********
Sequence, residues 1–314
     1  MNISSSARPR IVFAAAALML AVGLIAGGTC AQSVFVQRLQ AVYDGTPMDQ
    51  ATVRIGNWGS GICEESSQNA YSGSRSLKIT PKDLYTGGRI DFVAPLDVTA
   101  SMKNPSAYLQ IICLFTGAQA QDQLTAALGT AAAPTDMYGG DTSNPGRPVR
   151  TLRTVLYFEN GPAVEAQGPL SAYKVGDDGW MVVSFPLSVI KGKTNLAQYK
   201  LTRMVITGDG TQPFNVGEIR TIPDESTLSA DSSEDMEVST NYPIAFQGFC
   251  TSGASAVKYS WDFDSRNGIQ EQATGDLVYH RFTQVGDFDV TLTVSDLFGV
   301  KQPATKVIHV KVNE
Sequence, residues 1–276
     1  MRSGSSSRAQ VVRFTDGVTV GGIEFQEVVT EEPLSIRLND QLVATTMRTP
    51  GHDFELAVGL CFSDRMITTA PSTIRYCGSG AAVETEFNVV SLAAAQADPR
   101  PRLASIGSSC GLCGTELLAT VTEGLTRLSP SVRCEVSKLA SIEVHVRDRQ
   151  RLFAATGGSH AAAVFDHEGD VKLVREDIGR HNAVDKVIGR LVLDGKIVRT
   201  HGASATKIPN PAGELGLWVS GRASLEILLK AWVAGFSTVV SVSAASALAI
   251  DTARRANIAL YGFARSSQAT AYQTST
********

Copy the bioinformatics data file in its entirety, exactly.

Sequence, residues 1–314
     1  MNISSSARPR IVFAAAALML AVGLIAGGTC AQSVFVQRLQ AVYDGTPMDQ
    51  ATVRIGNWGS GICEESSQNA YSGSRSLKIT PKDLYTGGRI DFVAPLDVTA
   101  SMKNPSAYLQ IICLFTGAQA QDQLTAALGT AAAPTDMYGG DTSNPGRPVR
   151  TLRTVLYFEN GPAVEAQGPL SAYKVGDDGW MVVSFPLSVI KGKTNLAQYK
   201  LTRMVITGDG TQPFNVGEIR TIPDESTLSA DSSEDMEVST NYPIAFQGFC
   251  TSGASAVKYS WDFDSRNGIQ EQATGDLVYH RFTQVGDFDV TLTVSDLFGV
   301  KQPATKVIHV KVNE
Sequence, residues 1–276
     1  MRSGSSSRAQ VVRFTDGVTV GGIEFQEVVT EEPLSIRLND QLVATTMRTP
    51  GHDFELAVGL CFSDRMITTA PSTIRYCGSG AAVETEFNVV SLAAAQADPR
   101  PRLASIGSSC GLCGTELLAT VTEGLTRLSP SVRCEVSKLA SIEVHVRDRQ
   151  RLFAATGGSH AAAVFDHEGD VKLVREDIGR HNAVDKVIGR LVLDGKIVRT
   201  HGASATKIPN PAGELGLWVS GRASLEILLK AWVAGFSTVV SVSAASALAI
   251  DTARRANIAL YGFARSSQAT AYQTST